In the prosecution of an occupant of a dwelling charged with killing or injuring an intruder who was unlawfully in said dwelling, it shall be a defense that the occupant was in the occupant’s own dwelling at the time of the offense, and:

(1) The encounter between the occupant and intruder was sudden and unexpected, compelling the occupant to act instantly; or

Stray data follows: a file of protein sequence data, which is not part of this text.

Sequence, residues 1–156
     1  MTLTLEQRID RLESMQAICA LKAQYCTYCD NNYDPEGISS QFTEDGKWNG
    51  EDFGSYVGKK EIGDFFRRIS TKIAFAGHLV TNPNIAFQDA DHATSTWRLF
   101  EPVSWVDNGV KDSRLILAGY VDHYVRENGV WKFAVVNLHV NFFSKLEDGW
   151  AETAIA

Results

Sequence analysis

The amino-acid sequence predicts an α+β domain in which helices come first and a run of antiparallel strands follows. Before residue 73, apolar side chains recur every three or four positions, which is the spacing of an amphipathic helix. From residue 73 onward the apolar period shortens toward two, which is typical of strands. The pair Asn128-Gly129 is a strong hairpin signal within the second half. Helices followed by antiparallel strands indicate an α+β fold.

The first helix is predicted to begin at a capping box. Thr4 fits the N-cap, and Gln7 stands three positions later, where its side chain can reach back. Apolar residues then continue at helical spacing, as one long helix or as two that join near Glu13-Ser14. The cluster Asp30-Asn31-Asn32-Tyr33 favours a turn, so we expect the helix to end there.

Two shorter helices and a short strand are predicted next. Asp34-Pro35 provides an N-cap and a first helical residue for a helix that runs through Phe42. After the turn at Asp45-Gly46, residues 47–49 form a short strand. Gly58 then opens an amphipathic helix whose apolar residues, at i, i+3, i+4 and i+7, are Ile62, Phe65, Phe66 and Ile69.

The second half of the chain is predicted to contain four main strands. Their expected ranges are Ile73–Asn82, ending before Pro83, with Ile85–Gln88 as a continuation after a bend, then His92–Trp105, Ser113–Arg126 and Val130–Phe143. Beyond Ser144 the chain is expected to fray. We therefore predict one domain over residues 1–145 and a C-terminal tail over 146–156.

(2) The occupant reasonably believed that the intruder would inflict personal injury upon the occupant or others in the dwelling; or

(3) The occupant demanded that the intruder disarm or surrender, and the intruder refused to do so.